More important for the acceptance of gasoline-powered vehicles was the appearance of the required infrastructure - gasoline stations. Before 1898, finding gasoline for a car was an adventure in itself. By 1905, many general stores, carriage shops, smithies and even liveries were keeping large cans of gasoline on-hand to fuel the few gasoline cars that came by. Business in gasoline was not brisk initially, but it was lucrative - those that could afford the cars could afford to pay a premium for the gasoline. In 1905, 86% of the cars sold in the U.S. were powered by gasoline ; electric and steam held about 7% each. This is eight years before the electric starter was available on any gasoline-powered car. By 1914, half the cars in North America were Model T's, which had started production just six years earlier. By 1920, the gasoline pumps were evident throughout North America, before electrification became a national initiative in Canada or the United States, and long before the standardized and interconnected electrical grid that we take for granted today was in place. According to Chevron, they built the first gasoline station in the U.S. in 1913, which started a boom in the building of these facilities until they were ubiquitous throughout the U.S. by 1920. In 1916 alone, over 200 petroleum companies were established in the U.S., which coincides neatly with the decline of the electric car.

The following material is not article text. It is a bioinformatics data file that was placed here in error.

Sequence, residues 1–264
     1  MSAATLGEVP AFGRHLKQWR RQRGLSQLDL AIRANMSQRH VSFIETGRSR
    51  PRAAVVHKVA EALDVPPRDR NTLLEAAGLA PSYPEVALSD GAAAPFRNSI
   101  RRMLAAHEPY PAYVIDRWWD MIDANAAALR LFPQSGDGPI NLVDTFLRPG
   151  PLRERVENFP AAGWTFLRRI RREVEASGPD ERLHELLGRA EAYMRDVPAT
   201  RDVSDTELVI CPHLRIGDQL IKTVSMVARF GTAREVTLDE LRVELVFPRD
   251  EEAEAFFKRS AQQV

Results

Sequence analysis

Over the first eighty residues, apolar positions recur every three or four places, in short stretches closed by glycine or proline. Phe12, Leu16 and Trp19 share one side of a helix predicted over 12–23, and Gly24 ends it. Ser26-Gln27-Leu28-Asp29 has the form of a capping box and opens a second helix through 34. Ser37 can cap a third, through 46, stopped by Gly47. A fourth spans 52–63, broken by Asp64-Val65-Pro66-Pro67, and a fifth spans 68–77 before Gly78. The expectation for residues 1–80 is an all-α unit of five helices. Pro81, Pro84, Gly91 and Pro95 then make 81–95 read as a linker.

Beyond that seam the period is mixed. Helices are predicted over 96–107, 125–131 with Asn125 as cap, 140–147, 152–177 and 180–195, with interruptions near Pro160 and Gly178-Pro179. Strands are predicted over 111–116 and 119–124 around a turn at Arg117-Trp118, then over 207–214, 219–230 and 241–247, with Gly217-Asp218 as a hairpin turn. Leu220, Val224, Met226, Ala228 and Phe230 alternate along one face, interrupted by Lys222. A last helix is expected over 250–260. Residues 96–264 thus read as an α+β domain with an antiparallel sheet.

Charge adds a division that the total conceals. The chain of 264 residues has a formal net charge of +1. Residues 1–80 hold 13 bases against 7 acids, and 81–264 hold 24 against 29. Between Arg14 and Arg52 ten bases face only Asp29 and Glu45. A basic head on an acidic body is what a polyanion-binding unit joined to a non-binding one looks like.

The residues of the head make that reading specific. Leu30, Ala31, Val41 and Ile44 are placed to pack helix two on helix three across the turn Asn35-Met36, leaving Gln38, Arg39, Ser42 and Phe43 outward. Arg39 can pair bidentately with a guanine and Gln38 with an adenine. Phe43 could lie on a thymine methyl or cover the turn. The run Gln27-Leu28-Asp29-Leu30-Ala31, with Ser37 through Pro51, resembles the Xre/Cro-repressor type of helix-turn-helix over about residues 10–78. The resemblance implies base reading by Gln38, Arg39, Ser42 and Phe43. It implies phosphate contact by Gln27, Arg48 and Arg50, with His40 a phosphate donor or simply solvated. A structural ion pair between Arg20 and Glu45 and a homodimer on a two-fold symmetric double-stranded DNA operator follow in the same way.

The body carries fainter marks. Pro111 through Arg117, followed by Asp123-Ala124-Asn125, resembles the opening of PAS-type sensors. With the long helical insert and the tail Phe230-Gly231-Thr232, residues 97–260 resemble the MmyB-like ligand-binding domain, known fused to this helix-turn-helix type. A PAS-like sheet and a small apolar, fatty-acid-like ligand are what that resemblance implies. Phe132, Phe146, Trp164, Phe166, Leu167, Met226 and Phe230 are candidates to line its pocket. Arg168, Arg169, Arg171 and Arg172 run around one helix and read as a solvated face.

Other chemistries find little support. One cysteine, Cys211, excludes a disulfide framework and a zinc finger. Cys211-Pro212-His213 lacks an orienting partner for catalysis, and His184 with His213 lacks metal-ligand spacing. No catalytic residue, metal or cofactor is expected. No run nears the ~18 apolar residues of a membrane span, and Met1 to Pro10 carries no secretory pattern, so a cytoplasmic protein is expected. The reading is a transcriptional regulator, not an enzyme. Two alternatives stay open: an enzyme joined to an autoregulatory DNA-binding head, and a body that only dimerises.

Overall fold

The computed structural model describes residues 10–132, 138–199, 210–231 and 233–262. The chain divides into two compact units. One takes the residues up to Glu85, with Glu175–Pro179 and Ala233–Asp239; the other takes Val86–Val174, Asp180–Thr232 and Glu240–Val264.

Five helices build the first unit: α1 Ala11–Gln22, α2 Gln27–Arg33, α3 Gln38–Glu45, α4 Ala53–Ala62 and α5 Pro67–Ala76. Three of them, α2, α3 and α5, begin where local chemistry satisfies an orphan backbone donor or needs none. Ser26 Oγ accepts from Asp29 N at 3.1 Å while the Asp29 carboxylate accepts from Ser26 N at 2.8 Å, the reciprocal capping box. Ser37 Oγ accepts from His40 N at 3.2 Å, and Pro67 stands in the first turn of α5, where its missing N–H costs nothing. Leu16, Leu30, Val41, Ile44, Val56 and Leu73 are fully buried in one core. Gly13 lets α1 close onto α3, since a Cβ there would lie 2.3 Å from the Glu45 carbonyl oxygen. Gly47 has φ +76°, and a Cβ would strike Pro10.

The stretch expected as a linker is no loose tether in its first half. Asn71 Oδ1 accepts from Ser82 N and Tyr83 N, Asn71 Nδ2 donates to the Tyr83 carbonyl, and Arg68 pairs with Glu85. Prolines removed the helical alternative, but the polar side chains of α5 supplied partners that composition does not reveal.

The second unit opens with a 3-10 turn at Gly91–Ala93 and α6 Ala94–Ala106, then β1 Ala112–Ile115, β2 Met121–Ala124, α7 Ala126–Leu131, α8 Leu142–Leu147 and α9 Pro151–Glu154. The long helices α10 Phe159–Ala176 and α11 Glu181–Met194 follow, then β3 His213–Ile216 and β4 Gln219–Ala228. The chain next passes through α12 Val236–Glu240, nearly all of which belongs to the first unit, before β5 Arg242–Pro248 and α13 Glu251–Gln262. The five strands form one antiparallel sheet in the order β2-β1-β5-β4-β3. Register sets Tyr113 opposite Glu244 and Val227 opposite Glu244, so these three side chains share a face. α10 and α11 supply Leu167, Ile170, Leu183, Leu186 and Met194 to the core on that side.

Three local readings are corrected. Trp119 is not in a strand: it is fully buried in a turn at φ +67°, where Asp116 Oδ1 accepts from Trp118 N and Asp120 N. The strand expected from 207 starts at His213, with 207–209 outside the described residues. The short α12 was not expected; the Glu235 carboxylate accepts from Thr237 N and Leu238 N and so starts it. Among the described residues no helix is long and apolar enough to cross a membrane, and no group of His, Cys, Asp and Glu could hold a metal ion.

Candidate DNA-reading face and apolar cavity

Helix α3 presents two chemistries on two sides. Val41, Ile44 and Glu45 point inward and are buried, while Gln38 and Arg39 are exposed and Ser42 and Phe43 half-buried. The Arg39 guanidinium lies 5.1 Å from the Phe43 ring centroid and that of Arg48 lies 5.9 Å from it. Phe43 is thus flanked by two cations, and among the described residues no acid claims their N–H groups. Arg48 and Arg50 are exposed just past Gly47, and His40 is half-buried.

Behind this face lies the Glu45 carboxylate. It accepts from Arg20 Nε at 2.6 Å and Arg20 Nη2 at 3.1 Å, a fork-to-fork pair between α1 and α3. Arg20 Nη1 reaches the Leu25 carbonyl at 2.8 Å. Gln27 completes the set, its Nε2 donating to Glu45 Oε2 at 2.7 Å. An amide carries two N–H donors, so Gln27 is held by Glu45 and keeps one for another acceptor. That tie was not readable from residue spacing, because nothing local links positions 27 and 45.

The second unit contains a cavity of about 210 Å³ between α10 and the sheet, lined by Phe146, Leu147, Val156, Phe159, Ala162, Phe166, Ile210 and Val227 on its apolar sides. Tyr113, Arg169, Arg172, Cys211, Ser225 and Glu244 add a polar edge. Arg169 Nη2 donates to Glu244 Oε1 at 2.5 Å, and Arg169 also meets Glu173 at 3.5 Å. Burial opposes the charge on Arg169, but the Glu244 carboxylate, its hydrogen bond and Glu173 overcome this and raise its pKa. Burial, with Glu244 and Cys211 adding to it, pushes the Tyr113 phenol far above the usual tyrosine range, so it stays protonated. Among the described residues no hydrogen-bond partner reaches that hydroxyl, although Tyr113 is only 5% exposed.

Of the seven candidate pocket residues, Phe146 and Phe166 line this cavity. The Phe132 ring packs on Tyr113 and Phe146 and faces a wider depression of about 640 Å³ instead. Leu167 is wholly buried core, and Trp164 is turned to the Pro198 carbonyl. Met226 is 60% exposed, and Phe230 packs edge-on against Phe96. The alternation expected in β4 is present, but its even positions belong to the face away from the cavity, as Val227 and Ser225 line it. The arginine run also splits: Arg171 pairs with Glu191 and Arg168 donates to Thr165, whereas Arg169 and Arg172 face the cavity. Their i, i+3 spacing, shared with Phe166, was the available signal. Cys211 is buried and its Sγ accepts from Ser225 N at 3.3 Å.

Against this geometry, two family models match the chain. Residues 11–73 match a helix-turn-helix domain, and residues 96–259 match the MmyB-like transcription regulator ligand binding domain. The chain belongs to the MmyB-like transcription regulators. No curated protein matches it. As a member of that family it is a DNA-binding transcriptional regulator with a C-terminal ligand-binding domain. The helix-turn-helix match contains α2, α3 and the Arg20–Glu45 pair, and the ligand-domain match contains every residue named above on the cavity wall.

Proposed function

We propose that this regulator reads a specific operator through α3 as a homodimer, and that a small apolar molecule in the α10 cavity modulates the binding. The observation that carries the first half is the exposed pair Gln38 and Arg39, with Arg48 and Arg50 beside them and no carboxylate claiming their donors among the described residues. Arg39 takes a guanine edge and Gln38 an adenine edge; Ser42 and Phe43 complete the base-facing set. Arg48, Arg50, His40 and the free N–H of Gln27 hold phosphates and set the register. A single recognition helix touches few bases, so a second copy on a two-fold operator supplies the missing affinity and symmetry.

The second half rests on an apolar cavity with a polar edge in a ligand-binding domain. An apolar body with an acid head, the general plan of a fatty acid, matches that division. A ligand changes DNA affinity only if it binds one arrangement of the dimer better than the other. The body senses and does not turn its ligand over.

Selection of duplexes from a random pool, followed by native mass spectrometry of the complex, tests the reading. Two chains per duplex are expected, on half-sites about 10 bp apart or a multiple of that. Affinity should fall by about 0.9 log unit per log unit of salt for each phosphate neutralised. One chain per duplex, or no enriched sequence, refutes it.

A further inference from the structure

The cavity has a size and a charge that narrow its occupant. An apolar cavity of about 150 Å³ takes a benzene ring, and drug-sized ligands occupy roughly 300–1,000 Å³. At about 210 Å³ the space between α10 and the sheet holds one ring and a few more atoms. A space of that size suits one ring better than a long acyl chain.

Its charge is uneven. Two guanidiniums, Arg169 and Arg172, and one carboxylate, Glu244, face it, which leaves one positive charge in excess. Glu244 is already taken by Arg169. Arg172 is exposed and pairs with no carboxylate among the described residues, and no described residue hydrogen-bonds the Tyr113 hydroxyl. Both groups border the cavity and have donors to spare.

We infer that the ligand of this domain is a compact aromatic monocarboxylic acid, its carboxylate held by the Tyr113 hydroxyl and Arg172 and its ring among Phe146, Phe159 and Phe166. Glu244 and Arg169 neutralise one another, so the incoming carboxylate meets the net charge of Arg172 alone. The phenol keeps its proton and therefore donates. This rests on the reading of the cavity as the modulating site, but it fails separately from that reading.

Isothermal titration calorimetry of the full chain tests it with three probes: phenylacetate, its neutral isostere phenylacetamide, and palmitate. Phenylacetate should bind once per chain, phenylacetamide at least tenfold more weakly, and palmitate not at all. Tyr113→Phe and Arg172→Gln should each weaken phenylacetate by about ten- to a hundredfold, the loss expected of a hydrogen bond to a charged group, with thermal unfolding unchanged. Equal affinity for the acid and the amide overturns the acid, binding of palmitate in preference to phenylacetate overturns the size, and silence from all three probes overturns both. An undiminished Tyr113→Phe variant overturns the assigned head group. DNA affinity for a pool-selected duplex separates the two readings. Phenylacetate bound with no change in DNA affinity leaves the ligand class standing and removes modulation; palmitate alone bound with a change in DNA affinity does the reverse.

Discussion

Electrical recharging facilities were not nearly as common. Many "service stations" would not have had access to an electrical grid at the turn of the century. Even if they did, the electric cars did not use standard voltages, which made it expensive to buy the equipment to recharge cars of different voltages.
So what did in the electric car? Most importantly, cheap and readily available gasoline as opposed to expensive electricity and a fragmented electrical generating industry and distribution network. Gasoline was effectively a waste product of the petroleum industry at the turn of the 20th century - it was often burned off at the well-head to get to the desired product - kerosene for lamps. Poor roads which put the heavier electrics at a disadvantage. Finally, the decision by Henry Ford to base the first mass-produced and priced for the masses vehicle on the gasoline engine instead of electric drive (apparently after discussions with Thomas Edison).